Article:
Income and Poverty

What people in poverty can't afford

  • Published: Jul 13, 2012
  • Author: Hannah Aldridge
  • Category: Income and Poverty

This week the Joseph Rountree Foundation (JRF) updated their Minimum Income Standard: research that identifies the income required to achieve a socially agreed minimum standard of living. So what can this ‘basket of goods’ approach tell us about how we measure poverty?

Last month Ian Duncan Smith announced his intention to revise the way that we measure poverty. As it stands, a family is deemed to be in poverty if their income is below 60% of the median income. (See pages 9 to 11 of our monitoring poverty report 2010 for a more detailed explanation). 

One of the main criticisms of poverty measure is that it is relative; it doesn’t reflect whether a family has enough money to survive but how far their income is from those in the middle. This means that if the incomes of the poorest stay the same and incomes in the middle go up, poverty increases. Likewise, as happened this year, the incomes of the poorest fall slightly and incomes in the middle fall by more, poverty drops, although everyone is worse off .1 Clearly, if this measure of poverty is going to be used effectively then there needs to be an understanding of the factors contributing to such changes.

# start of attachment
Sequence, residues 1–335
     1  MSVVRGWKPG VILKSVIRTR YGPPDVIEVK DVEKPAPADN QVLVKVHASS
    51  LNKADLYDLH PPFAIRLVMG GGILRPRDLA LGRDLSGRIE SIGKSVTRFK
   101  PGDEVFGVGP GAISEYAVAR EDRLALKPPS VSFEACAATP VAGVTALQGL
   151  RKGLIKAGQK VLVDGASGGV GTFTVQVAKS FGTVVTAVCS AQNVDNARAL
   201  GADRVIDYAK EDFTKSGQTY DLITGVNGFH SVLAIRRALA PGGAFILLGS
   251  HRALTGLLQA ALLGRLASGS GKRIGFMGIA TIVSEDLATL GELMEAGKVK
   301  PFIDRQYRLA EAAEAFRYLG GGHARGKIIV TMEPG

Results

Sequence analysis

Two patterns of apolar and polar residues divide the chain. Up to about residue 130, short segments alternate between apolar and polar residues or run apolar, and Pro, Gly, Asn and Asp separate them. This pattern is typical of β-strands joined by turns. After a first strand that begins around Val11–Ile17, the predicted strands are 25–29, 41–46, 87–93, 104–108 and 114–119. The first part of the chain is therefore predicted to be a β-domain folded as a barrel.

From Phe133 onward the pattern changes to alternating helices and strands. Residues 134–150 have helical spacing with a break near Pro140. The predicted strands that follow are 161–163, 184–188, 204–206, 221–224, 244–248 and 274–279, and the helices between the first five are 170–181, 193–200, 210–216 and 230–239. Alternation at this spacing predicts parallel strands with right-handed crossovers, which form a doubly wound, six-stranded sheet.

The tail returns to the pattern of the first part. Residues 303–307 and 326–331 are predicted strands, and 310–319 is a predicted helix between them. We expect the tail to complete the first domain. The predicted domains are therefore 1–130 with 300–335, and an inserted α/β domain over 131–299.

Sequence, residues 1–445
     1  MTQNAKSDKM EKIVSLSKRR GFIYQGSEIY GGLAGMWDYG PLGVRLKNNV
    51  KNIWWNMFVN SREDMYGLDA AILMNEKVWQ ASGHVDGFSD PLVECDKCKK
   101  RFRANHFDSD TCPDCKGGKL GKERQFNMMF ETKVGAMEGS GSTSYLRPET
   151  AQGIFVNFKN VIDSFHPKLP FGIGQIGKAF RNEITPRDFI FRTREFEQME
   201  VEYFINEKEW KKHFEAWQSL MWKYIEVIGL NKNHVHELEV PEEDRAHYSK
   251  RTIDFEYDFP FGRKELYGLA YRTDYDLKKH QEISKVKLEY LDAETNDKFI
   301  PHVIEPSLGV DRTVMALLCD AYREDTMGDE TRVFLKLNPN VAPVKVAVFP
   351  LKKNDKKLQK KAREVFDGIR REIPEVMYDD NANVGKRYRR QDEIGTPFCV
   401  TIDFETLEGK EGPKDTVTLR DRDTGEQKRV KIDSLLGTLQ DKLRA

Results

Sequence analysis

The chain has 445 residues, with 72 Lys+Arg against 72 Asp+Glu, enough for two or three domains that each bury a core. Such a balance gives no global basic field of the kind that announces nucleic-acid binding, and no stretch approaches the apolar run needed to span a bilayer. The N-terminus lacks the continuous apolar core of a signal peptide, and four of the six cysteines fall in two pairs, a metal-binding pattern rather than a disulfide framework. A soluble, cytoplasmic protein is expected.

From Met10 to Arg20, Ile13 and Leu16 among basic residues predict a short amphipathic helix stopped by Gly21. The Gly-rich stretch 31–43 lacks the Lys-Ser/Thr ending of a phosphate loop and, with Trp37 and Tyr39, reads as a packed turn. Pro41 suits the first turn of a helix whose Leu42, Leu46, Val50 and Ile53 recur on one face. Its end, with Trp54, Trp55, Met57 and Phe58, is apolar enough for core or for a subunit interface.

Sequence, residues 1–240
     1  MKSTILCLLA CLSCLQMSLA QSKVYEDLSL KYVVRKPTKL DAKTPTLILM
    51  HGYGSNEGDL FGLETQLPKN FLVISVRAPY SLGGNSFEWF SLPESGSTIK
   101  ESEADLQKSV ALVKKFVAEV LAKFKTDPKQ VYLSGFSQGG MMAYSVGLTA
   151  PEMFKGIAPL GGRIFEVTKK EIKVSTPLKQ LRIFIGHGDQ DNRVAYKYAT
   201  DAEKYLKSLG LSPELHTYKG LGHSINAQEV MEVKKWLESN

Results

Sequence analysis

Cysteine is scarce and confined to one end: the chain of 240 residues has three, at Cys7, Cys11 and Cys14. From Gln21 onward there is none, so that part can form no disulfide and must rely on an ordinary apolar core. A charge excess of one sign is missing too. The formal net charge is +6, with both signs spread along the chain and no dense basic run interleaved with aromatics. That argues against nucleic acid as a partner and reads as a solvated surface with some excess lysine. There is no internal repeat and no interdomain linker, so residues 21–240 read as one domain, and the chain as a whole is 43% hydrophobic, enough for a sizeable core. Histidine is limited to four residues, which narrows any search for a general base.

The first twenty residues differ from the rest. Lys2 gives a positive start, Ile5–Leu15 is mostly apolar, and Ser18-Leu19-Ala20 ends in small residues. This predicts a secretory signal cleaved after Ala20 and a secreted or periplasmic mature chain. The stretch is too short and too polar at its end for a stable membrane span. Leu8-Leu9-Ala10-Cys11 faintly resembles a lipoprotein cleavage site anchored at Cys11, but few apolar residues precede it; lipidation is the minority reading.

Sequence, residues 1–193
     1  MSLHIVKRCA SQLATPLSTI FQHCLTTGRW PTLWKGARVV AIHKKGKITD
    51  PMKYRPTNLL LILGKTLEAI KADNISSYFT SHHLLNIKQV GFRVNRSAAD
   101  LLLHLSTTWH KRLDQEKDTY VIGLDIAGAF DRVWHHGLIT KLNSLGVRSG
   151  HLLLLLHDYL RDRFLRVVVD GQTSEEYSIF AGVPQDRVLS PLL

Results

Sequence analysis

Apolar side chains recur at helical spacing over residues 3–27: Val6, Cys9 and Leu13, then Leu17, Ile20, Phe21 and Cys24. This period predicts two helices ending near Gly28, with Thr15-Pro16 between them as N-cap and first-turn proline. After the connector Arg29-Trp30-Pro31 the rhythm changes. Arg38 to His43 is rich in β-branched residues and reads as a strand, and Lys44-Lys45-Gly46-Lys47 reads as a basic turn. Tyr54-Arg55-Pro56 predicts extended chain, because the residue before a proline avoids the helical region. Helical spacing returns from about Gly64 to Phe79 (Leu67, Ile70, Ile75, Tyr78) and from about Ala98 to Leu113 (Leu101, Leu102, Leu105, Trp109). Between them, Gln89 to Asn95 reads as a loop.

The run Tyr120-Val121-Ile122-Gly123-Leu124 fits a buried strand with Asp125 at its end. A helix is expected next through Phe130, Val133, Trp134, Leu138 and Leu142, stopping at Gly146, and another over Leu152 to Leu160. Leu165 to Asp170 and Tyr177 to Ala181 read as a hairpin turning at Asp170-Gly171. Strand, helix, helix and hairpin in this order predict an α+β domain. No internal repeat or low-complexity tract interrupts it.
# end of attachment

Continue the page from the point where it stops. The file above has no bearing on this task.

Rather than looking at the different points of the income distribution, one could construct a minimum standard of living below which no one should fall. The Minimum Income Standard, published by the Joseph Rowntree Foundation,  does this.  

The update report published yesterday explains MIS as: 

The income that people need in order to reach a minimum socially acceptable standard of living in the UK today, based on what members of the public think. It is calculated by specifying baskets of goods and services required by different types of household in order to meet these needs and to participate in society. Thus, a minimum is about more than survival alone. However, it covers needs, not wants; necessities, not luxuries: items that the public think people need in order to be part of society.

Comparing the MIS with the 60% of median income threshold is instructive.  For each age group, the minimum income standard is higher than the poverty line. For pensioners the MIS is similar at 66% of median income, whilst for single working age adults, a lone parent with one child and a couple with two children, MIS is around 79% of the median. This means that the “poverty line” is only 78% of MIS. This clearly runs counter to the argument that the poverty measure currently used does not measure hardship; to be in poverty, families must have an income below the socially acceptable minimum.

So what can you afford at with a MIS income but not in at a poverty level? When JRF research MIS they cost every single item that a family needs and average this out of the length of time that item will last, from a loaf of bread to underwear. For our analysis though, it is useful to group these items into 10 categories.